> BROMBERG wrote: > New chart posted today: "The Duration of the Lunation", as the number > of hours and minutes in excess of 29 days versus the cumulative > percentage, for past, present, and future: > <http://individual.utoronto.ca/kalendis/hebrew/rect.htm#pct> and later... > Note that Delta T is not a factor in the accuracy here, even though > included, because the duration of each lunation is from one lunar > conjunction to the next, over which time Delta T would hardly change. > KARL SAYS: Nevertheless the change of the Delta T over a lunation is > sufficiently large to reverse the long term change in the mean > lunation. BROMBERG replies: Perhaps it is not clear how I generated the chart. For the present era, I took this month's lunar conjunction moment (UT) as the center point. Starting from 1000 lunations in the past and continuing to 1000 lunations into the future, I generated a list of 2000 actual lunation durations. They were all 29 days plus a fraction of a day, so I subtracted 29 from all, and expressed the fraction as hours and minutes. I sorted the list, ascending, to produce 2000 lunation durations sorted from shortest to longest. I plotted row number / 2000 expressed as a percentage on the Y axis (labeled "Cumulative Percentile") against the hours and minutes of the corresponding lunation length in excess of 29 days. I connected the points with straight line interpolation, and hid the display of the points themselves, so as not to clutter the chart. The chart shows a variation range of 13 1/2 hours between the shortest and longest lunations in the present era. It also shows that the variation was slightly wider 5000 years ago due to the greater Earth orbital eccentricity. It also shows that the variation will be slightly narrower 5000 years from now due to the lesser Earth orbital eccentricity. According to my estimate, as per the arithmetic posted on the Rectified Hebrew Calendar web page, the mean synodic month length, in terms of mean solar days, will be almost 4.5 seconds shorter 5000 years from now than it was 5000 years ago. There is absolutely no way, with or without Delta T correction, that anybody could visually notice that the "future" curve on my chart is shifted by 4.5 seconds towards shorter lunations than is the "past" curve, in the presence of the 13-hour inherent variations of the duration of the lunations. It is simply too small a difference to shift even one pixel on the chart. The progressively shorter mean synodic month is very important when the length of each month is being simply summed to estimate a mean lunar conjunction moment, or a molad, or similar cumulative value. But as an individual lunar month length, the secular change in the lunation interval is truly negligible, amounting to less than 30 microseconds out of a value that has a median close to 29 days 12 hours 30 minutes. -- Irv Bromberg, Toronto, Canada <http://www.sym454.org/> |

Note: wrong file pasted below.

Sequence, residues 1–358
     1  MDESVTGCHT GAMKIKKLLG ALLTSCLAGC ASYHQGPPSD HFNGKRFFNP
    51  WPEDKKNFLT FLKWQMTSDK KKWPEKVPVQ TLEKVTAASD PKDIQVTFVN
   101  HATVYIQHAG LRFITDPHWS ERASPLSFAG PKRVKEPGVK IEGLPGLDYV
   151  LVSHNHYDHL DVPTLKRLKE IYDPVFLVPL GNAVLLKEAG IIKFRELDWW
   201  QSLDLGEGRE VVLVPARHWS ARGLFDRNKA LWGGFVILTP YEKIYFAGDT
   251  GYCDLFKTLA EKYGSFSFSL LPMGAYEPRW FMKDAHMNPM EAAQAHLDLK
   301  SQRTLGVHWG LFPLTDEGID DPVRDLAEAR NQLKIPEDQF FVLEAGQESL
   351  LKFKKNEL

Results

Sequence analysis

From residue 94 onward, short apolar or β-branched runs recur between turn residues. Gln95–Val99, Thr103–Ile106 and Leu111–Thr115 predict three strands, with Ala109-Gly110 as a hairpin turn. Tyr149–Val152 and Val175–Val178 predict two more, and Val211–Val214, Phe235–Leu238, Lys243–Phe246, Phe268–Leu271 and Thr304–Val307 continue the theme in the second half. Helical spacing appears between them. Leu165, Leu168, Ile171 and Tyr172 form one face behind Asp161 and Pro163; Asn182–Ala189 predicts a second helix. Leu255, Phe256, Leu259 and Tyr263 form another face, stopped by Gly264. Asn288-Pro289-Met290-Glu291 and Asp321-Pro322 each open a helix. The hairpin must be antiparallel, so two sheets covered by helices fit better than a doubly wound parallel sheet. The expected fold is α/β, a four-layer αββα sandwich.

In reply to this post by Irv Bromberg
> Dear Calendar People:
> I attempted an analysis of the variability of the lunar sidereal > revolution, expecting to find only a minor amount of variability, such > as plus or minus 15 to 30 minutes. My method was to implement an > iterative function that searches for a specified lunar ecliptic > longitude after a given moment, then I used that to list each moment > that Moon reached zero degrees ecliptic longitude for 1000 lunar > revolutions, then expressed the duration of the sidereal revolution in > terms of hours and minutes in excess of 27 days and plotted the > distribution of values as a cumulative percentile chart. > > To my surprise, the lunar sidereal revolution appears to vary over a > range of 6 hours, which is 4/9 of the total 13+1/2 hour variability of > the duration of the lunation (from New Moon to New Moon) ! > Is this degree of variability to be expected? If so, then what > explains it? The speed of the Moon varies with its anomalistic period (27.55455 days). The sidereal month is shorter (27.32166). Also from one month to the next the solar contribution changes. -- Tom Peters |